In June I booked my July flight to LA to attend the Romance Writers of America conference and meet my new Amazon editor. I let my film agent know I would be in town and we set up a time to have lunch. I’ve worked with my film agent for nine years and we’ve met face to face exactly once, but we’ve corresponded regularly via email and phone. He’s done some pretty great things for me, including convincing Sony to option my BODY MOVERS humorous mystery series for television series development. I adore him and will probably marry him someday (this is our secret, yours and mine).
ANYWAY, when we set up our lunch, I didn’t dream we’d have anything concrete to discuss because the option on my BODY MOVERS series had expired and the pilot script left to languish. And although he’s always actively “selling” my projects, old and new, I didn’t have any reason to think a particular property had become hot. But about a month before my trip, he called with good news: Two production companies were interested in optioning the new mystery series I’d recently sold to Amazon called TWO GUYS DETECTIVE AGENCY. Conference calls ensued, offers were extended. I believe my material would have been in good hands with either group, but we ultimately chose one. (Formal announcement is still pending.)
I was over the moon, of course, and delighted that my agent and I would have something to discuss when we met for lunch in LA. A few days before I was scheduled to leave, my agent announced he’d set up pitch meetings for me with three different production companies. Here were the people I was supposed to meet with, office addresses, various security info to get inside the properties/buildings, etc.
And he said this as if I’m supposed to know what to do once I got there.
Writers are generally not good talkers, which is why we write for a living instead of selling real estate. The thought of standing in front of “Hollywood types” and convincing them my book is worth turning into a feature film or TV series made me a little weak in the knees. I don’t consider myself a good public speaker, but I’m okay if I feel like I know more about a subject than anyone else in the room. So I reviewed “treatments” I’d written of the books I planned to pitch until the characters and settings and situations were fresh and on the tip of my tongue. (After I finish writing a book, my mind sort of “clears cache” to get ready for a new book. It’s hard for me to remember the details of a book I wrote last year, much less five years ago.) And I kept telling myself that no one in the room would know more about my book than I did. I practiced my elevator pitches, and I looked up the resumes of the people I’d be meeting with to try to anticipate what questions they might ask. Still…I was nervous.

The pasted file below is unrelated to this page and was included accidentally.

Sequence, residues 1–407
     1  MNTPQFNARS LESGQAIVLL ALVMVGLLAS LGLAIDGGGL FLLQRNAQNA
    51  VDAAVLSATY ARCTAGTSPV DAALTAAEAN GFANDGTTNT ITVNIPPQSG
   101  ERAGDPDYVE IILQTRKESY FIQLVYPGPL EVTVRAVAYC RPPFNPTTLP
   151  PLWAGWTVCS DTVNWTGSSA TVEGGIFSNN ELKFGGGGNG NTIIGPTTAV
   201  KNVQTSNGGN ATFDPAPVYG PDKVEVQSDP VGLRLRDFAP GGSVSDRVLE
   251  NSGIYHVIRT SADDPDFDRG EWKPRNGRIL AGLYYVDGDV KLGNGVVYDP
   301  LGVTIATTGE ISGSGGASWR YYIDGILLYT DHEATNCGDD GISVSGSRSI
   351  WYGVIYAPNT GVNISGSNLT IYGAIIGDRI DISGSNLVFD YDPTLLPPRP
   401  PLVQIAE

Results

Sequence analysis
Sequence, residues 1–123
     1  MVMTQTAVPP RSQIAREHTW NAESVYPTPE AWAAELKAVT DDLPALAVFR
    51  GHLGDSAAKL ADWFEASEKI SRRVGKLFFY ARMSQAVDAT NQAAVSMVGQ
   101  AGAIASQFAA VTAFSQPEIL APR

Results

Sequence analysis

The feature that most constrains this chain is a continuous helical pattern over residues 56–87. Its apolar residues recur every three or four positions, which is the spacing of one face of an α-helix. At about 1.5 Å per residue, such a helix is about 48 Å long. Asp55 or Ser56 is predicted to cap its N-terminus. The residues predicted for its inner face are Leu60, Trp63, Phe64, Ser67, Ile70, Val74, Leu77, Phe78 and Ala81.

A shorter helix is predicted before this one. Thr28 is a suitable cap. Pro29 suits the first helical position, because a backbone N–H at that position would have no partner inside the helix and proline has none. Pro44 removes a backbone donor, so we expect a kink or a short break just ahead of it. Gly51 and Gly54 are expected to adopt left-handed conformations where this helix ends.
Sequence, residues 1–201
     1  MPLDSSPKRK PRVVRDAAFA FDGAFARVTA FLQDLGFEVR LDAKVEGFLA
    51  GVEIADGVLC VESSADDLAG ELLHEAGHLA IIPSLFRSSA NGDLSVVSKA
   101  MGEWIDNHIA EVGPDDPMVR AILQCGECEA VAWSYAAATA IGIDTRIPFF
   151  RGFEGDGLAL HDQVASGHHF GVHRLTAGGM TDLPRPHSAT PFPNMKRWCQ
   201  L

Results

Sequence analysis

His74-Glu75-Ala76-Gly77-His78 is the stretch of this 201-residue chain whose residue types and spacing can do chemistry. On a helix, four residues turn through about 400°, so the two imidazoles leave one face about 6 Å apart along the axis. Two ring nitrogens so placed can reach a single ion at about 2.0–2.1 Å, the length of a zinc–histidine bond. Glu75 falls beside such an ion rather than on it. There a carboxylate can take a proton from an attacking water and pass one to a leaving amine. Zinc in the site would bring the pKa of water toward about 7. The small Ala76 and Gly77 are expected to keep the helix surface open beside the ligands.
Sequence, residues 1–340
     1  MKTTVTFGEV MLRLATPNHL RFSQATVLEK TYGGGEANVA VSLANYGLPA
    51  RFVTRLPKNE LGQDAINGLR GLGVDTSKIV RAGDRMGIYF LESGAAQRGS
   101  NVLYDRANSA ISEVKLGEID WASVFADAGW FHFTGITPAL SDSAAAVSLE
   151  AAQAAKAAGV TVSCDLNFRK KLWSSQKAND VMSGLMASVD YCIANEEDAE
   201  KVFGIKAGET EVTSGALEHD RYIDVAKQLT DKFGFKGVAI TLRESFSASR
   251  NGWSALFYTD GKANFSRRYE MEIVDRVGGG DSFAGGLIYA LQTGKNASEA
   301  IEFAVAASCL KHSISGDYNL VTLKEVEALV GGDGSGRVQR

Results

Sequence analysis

So what happens in a pitch meeting? Well the first thing is you have to get there. I have my driver’s license, but I HATE driving and don’t where I live in midtown Atlanta unless I absolutely have to. But the way I would be zigzagging across LA, it was clear I’d have to rent a car. (Let me just say that the GPS was worth ten times what they charged.) I’m happy to report I made every meeting on time. One of the meetings was on the Warner Bros lot, and I have to say when I checked in at the guard shack, it was one of those rare spine-tingling career moments I will always savor. I felt like I’d made it. If I’d had a hat to fling in the air like Mary Tyler Moore, I would’ve let it fly.
My agent was at two of the meetings, but I was on my own in the third. And although he knows my material well enough to pitch it, he deferred to me in the meetings. The pitch meetings themselves were so comfortable and easy, they were almost anticlimactic. I expected harried people with two cell phones going, barking at me that they weren’t interested in that idea, give them something else! What I got instead were cool, casual, engaging people who were truly interested in my ideas because they’d already been fleshed out and vetted by a reading audience. Once the ice was broken, it seemed natural to talk about the characters and situations in my head. Most of the producers had written at some point in their careers, at least one of them used to work for a major NY publisher. Each group asked to read the books of almost everything I pitched. I pitched only one standalone idea and when a producer asked if I had books to back it up, I said no, but if he wanted it for TV and wanted a book series as the underlying material, I’d make that happen. And I would.
My agent said I did “great.” I don’t know about that, but I’m really grateful for the chance to get my ideas in front of people who can bring them to the large and small screen. As far as results, we have some very promising and exciting developments that I hope will be nailed down soon. I will share good news the minute I can!
For now, it’s back to Earth for me, and back to my current book deadline. But when I want to go to my happy, fuzzy place, I think of those two days crisscrossing LA to peddle my ideas. Hey, maybe inside every writer is a bit of a salesperson after all.
Do you remember a “turning point” in your career, when you felt as if you’d made it?